Waiting for the Eagles

Dear God, this has to stop. I didn’t know people could react this way; I’ve never known such a great loss before. I didn’t know I could so awkwardly push aside the thought of someone I claim to love, and a month later I’m still in high escape mode.

Before and after work at the coffee shop; now my novel is in the hands of beta readers and I’m committed to furiously reading and critiquing at least four other stories. Guilt-ridden that my cat is so lonely. I’m too old to run from my feelings by blasting music in the car. I’m too aware to keep being such a coward.

“Best Big Brother Ever”

Because Michael deserves me thinking about him, not forgetting how much I need him, how much I need to know I’ll see his wry smile again. He deserves better than being brushed out of the way by words on a screen until all I have left of him are the mere glimpses that bubble to the surface inevitably in the course of any given day.

It seems I’d rather turn myself into whatever-this-is, I’d rather feel guilt than the pain of grief and losing my brother. Because it still doesn’t feel real. How do you go from the point where he’s alive and part of your life to the point where he isn’t and you’re used to that? No, I’ll never get used to that! I refuse to.

It seems I have a long way to go.

One Does Not Simply Walk Into Mordor

Because no one ever simply walks into Mordor. You trip and fall, painfully you slide over broken rock and turn aside into the beckoning arms of forgetfulness, frozen in time.

And you never come back from Mordor whole–isn’t that what I’m running from? You have the scar from a Morgul blade, you can see the Thestrals, you can see Both Sides Now.

If I remember him, he’s a memory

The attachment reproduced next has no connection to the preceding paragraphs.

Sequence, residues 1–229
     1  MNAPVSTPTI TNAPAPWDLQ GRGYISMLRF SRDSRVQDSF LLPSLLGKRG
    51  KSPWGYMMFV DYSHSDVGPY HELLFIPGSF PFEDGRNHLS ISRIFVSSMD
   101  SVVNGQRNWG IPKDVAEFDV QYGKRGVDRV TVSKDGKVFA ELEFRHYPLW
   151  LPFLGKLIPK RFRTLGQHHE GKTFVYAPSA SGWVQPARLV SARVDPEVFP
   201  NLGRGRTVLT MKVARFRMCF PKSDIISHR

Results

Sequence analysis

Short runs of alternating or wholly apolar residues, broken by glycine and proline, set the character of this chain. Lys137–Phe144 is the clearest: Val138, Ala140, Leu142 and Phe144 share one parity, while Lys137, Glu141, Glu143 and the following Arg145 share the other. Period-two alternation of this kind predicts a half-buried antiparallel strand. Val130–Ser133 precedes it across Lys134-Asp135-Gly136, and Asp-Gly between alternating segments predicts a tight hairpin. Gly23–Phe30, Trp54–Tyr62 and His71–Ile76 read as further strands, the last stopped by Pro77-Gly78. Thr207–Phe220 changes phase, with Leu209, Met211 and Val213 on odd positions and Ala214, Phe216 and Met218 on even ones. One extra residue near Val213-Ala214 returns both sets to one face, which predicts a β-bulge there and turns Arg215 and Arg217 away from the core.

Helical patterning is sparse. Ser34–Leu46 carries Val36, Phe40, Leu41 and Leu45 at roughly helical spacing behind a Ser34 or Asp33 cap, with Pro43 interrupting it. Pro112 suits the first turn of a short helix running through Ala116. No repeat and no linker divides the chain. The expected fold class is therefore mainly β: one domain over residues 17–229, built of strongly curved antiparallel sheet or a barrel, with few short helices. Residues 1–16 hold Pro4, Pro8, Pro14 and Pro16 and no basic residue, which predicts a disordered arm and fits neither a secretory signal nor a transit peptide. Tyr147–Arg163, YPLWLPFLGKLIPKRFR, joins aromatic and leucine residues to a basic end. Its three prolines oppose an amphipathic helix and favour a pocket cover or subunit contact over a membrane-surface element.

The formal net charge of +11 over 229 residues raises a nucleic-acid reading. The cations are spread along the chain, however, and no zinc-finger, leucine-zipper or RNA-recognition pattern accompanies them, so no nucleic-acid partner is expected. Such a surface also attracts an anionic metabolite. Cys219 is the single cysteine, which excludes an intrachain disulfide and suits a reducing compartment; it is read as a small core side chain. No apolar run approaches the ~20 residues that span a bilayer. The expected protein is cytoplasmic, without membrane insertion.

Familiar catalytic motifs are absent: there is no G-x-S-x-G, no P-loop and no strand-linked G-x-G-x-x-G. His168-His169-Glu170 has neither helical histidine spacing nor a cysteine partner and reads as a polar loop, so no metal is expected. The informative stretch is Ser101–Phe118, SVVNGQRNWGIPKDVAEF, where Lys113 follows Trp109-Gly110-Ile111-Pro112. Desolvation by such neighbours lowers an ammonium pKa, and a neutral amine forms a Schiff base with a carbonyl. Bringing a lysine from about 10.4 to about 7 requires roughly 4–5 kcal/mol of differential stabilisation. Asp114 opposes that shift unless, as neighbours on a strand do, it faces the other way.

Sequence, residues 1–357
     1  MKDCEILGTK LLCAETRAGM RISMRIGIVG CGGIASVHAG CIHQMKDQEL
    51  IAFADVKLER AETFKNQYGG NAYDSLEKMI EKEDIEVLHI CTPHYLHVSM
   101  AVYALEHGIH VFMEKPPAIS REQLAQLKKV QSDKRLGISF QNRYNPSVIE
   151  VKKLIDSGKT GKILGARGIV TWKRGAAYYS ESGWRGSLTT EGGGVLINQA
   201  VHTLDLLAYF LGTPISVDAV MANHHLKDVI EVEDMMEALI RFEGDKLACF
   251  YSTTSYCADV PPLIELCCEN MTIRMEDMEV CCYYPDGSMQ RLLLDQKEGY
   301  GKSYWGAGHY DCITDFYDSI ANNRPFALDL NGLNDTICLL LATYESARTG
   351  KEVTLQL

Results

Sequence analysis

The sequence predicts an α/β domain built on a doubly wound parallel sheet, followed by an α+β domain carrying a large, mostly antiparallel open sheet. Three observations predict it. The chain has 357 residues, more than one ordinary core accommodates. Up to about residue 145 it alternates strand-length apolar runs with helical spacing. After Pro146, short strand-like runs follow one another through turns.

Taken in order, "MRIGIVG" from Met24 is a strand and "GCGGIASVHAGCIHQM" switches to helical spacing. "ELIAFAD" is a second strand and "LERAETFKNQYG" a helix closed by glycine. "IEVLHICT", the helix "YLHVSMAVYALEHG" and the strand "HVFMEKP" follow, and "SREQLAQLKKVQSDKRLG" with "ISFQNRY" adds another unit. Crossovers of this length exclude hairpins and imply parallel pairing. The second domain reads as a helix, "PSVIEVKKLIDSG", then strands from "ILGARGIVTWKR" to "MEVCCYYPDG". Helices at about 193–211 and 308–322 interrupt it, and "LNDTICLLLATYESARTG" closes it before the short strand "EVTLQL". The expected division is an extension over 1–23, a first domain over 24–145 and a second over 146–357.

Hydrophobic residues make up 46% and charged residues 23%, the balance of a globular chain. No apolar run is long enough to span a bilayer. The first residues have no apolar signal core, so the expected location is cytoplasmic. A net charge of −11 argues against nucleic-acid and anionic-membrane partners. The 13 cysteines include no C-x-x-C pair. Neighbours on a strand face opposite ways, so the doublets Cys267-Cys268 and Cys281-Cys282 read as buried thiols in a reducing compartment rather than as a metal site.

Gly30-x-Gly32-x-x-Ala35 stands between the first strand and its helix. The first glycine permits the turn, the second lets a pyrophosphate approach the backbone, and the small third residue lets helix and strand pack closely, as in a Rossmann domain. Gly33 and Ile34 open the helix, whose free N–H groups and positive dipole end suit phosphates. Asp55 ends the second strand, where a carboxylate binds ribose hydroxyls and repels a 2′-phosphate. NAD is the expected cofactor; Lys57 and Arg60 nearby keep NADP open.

Why on earth do people always die at the END of stories? How does that help me? How am I supposed to know what the scene looks like after he’s gone? How do I write the rest of this stupid story that just won’t stop playing out?

Michael doesn’t deserve to be a memory avoided; I don’t even yet know how to make him a memory at all. Not JUST a memory; he’s so much more. But if I remember him, he’s a memory. Certainly if I memorialize him, then I can’t deny that now he exists only as a memory.

The Seven Stages of Falling Off a Cliff

And if I sublimate what he means to me in a work of fiction, have I buried him once and for all? If I imagine myself one day explaining, Oh, yes, that’s how my brother inspired me. This is what he taught me. This is why I wrote this story. There I go–trying to paint a future without him when I can’t even see-feel-touch the present without him.

It’s so much easier to talk about myself, how hard I work and what I think about and what I avoid like a coward. Look how busy I am, look how well I’m carrying on.

Don’t look at the lost little girl, heartsick, waiting for her wandering brother to come home and make it all better. Because he always came back home. Just when I needed him. I just need to wait a little longer. I’m told that the eagles are coming.

No, one doesn’t simply walk out of Mordor, either, do they?

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Self-Pity and Resolve: Fighting for a Happy New Year

Real Life gets really real, the final part–I sure hope

I don’t know what I expected to find, the morning after the grayest day. It was still bitter cold but–typical Michigan, harsh just when it’s breathtakingly lovely–the sun was shining, on the snowy lake, the hills, the snow-covered trees, the newly-mounded dirt at the base of the hickory tree just inside the cemetery gate. Even though the roses were now frozen, ferns and lilies waving slightly in an arctic breeze, I thought I could still smell them in the air the way it smelled through the funeral.